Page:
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Portrait in Salt and Dusky Carmine

As in childhood, the gentility of verandas

and gardens, of tea and its trappings, made me

anxious. But it took very little time for someone

to disappear from that world. The cane fields

that separate civility from the rough shoreline

allow anyone, upper crust or field hand, to disappear.

Down one of many dirt rows, the line cut as straight

as the cane planted on either side, one rushes

from the cultured world to an untouched one.

Out of the cane fields, out from their wind-rippled leaves

shepherding you onward, one finds the sand

and sea awaiting as if discarded by a retired god.

The setting sun’s red and orange fingers tried,

unsuccessfully, to reconfigure the seven shades

the water’s varying depths reflected, but all

that changed was the sea foam once white now pink.

The English painter, who visited here once, wrote

that the daily gaudiness of this sight made one

long for the nuance of dimming light at dusk

as it smudged its charcoal over a Hampshire field.

All I can say is it takes a certain temperament

to prefer a sunset in Hampshire to a sunset

in the Caribbean. I do not have such a temperament.

I prefer a scene that requires oils instead of charcoal.

The shore empty, the sun no longer visible,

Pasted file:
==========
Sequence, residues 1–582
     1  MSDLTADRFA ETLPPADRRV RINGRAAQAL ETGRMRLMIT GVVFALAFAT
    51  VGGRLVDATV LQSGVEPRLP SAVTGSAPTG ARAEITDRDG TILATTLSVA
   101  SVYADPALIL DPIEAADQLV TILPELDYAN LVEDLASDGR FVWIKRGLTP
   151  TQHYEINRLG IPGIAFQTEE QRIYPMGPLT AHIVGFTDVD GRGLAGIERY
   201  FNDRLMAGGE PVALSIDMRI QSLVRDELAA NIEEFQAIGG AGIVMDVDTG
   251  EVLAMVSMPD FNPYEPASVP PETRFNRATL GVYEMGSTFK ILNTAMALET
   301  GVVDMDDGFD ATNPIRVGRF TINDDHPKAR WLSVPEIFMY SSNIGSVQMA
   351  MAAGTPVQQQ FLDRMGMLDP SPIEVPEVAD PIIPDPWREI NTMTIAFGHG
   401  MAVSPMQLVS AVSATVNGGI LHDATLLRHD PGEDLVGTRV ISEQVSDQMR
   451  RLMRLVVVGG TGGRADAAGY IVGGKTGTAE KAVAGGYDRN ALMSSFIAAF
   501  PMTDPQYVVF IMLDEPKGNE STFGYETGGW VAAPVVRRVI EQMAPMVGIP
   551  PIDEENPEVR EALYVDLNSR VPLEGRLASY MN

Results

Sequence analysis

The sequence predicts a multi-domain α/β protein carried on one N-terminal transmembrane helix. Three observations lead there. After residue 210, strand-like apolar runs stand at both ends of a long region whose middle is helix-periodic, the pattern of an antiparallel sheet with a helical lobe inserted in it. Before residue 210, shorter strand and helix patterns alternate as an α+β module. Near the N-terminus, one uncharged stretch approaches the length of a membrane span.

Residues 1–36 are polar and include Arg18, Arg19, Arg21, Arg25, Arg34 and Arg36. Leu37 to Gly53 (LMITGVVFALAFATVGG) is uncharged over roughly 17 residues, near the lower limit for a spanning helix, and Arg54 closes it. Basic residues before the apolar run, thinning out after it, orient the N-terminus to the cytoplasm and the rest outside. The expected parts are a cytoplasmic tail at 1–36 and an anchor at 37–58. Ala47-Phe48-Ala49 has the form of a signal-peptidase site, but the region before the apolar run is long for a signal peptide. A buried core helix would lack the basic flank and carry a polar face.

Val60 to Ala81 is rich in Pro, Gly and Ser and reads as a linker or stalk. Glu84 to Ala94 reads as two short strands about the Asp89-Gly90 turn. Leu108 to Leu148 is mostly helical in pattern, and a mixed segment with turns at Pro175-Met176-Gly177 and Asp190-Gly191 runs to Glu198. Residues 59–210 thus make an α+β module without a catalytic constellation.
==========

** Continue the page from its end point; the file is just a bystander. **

the water’s colors finally succumbed and darkened

to night, the same as that settling over us from above.

Not the sunset, but the time following sunset:

the day’s Technicolor displays erased. Alone

on the soft sand, the surf mumbled the old language.

Like my great-great-grandmother who visits me

in dreams, it said: Salt or no salt, trust no one.

It is difficult for one like me to disregard the sea

and the cane fields. I am perfectly aware this place

is no longer my home, but the sea says Truth is truth,

and the cane field says Like the machete, you belong to me.

from PrometeoFind more by C. Dale Young at the library

Copyright © 2021 C. Dale Young
Used with the permission of The Permissions Company, LLC on behalf of Four Way Books.

Published in C. Dale Young Poems

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